The path to independence varied throughout Africa. Egypt was the first country to gain political independence in 1922 following the nationalist struggle under the Wafd Party under Zaghalul Pasha in 1918. Although politically independent, Egypt remained under the political influence of Britain until the revival of Egyptian nationalism in the 1940s. The eventual emergence of the young militant nationalist, Colonel Gamal Nasser (1918–1970) as ruler of Egypt in 1954 after a military coup. Although Britain, France, the United States, and the new state of Israel threatened Egyptian independence Nasser survived by becoming an ally of the Soviet Union.

Nationalism in North Africa was affected by a new world order at the end of World War II. As a former Italian colony, Libya became a UN trusteeship under British control. Britain granted Libya independence in 1951 under King Idris (1890–1983), a less than satisfactory outcome for young Libyan nationalists. Young nationalists took over power in a military coup in 1969 under Colonel Mu'ammar al-Qaddafi (b. 1942). The path to independence in the rest of the Maghrib was affected by the nature of French colonial ideology of assimilation and association. The nationalist movement in Morocco and Tunisia where the French established protectorate systems of administration were influenced by a strong Muslim tradition and the existence of a long tradition of political agitation. Algerian nationalists faced a more difficult situation. French Algeria was a colony administered as a part of France. As such, Algeria was engaged in a bloody armed struggle led by the National Liberation Front or Front de Libe'ration Nationale (FLN). The FLN established military posts throughout Algeria and carried out guerilla attacks. By 1958 it had become clear that Algerians would settle for nothing short of independence.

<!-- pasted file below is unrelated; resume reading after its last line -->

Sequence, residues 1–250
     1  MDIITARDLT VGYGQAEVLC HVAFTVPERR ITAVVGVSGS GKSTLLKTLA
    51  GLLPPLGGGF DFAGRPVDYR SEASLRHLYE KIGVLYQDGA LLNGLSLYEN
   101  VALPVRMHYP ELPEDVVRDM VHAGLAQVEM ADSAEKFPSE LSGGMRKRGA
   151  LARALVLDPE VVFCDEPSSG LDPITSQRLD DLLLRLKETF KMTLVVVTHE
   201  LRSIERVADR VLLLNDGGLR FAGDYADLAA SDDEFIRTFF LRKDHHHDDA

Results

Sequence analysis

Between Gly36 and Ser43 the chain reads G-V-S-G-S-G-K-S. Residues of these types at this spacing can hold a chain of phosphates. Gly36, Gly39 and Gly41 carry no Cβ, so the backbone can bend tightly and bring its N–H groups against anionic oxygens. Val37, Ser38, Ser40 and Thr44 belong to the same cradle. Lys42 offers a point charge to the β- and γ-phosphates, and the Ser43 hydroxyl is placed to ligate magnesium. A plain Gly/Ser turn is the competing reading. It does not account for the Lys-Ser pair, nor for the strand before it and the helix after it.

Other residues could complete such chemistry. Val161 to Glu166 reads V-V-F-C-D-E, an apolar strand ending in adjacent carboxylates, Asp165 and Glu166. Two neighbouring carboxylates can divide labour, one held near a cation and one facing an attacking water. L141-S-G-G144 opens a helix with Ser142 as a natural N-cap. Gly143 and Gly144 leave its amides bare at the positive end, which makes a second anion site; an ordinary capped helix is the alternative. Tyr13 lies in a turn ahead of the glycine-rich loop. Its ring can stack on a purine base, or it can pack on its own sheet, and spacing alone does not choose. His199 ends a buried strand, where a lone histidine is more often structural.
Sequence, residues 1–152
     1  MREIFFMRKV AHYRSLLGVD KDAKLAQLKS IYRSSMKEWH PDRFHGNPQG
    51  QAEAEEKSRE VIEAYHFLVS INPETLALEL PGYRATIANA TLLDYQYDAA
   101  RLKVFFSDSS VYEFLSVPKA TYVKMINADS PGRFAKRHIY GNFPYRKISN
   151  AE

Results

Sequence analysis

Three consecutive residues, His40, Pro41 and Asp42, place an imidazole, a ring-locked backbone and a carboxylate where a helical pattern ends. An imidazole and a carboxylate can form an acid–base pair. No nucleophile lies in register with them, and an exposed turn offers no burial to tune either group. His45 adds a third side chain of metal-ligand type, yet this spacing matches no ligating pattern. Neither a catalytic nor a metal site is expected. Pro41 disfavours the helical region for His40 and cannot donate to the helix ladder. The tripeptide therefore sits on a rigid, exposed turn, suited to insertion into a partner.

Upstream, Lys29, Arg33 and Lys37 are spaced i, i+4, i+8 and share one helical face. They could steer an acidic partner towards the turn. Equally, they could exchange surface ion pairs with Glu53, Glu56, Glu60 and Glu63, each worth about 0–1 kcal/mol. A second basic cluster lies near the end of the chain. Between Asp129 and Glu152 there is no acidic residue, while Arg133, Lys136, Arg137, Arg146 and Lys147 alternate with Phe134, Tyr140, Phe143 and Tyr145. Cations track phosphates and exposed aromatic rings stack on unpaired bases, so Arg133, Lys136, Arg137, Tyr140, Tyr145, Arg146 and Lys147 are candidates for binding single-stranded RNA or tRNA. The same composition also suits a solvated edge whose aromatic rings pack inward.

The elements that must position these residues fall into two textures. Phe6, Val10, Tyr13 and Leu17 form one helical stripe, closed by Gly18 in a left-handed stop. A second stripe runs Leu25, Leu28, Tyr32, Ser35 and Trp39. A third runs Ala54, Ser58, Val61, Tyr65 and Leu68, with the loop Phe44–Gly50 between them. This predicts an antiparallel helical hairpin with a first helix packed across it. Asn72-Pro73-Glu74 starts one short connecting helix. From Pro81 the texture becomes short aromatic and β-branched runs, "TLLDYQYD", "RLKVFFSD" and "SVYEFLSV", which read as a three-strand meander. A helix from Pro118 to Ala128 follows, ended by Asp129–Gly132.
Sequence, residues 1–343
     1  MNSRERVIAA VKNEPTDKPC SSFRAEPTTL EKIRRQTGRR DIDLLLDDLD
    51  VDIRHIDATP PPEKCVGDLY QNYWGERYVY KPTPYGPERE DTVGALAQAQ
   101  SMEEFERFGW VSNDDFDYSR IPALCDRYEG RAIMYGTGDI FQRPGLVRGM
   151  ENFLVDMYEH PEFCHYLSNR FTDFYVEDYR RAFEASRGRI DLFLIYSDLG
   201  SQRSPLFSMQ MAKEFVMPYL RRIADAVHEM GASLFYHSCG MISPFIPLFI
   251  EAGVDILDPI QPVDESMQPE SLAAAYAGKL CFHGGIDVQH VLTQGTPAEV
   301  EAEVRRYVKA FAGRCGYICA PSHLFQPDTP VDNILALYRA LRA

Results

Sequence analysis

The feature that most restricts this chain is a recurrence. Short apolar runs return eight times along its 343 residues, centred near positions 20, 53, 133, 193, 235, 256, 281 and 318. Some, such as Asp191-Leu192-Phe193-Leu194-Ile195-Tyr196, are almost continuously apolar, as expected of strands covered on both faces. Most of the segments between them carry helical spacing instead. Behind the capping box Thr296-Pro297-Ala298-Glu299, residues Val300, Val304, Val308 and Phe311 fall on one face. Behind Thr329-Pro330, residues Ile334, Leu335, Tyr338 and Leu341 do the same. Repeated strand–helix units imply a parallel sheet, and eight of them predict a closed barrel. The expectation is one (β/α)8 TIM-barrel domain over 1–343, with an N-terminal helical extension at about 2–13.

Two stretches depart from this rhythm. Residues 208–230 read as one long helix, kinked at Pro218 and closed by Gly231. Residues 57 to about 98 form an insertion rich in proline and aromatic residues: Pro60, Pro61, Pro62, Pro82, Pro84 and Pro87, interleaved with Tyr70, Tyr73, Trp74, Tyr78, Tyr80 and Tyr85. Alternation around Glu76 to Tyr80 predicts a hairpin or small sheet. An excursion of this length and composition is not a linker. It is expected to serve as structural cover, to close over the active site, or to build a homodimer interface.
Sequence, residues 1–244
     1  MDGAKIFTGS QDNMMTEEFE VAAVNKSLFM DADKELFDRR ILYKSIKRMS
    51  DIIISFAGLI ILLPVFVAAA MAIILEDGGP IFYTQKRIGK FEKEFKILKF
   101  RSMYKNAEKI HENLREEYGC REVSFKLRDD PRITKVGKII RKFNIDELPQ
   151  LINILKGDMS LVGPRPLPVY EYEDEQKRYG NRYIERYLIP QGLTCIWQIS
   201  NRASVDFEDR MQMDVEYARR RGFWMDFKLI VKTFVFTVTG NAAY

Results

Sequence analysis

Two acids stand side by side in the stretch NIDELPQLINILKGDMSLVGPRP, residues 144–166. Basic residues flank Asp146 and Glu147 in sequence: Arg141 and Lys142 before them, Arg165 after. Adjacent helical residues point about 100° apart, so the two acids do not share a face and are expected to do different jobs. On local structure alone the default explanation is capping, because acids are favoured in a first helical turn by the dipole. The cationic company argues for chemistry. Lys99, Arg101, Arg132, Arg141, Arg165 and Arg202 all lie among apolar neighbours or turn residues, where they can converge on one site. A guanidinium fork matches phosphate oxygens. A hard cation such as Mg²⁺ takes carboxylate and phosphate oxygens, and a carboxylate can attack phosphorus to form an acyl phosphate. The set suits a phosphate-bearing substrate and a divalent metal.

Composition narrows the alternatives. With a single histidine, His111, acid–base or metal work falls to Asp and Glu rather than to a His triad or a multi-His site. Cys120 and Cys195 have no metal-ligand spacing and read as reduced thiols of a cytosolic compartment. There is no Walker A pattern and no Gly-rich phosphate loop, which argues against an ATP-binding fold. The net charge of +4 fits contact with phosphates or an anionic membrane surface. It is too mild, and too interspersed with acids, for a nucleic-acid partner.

West African colonies had a more or less peaceful process of transition to independence following the adoption of a series of constitutions that culminated in the liberation of many West African countries beginning with Ghana in 1957. In Ghana, the struggle for independence was led by the conservative United Gold Coast Convention (UGCC) formed in 1944 by J. B. Danquah (1895–1965). The UGCC was displaced by the more radical and populist Convention People's Party (CPP) under the leadership of the charismatic Kwame Nkru-mah. Its broad social ideology appealed to the masses and strengthened the party's challenge of British colonial authority. Nigeria's independence followed in 1960 through the efforts of Nnamdi Azikiwe and the National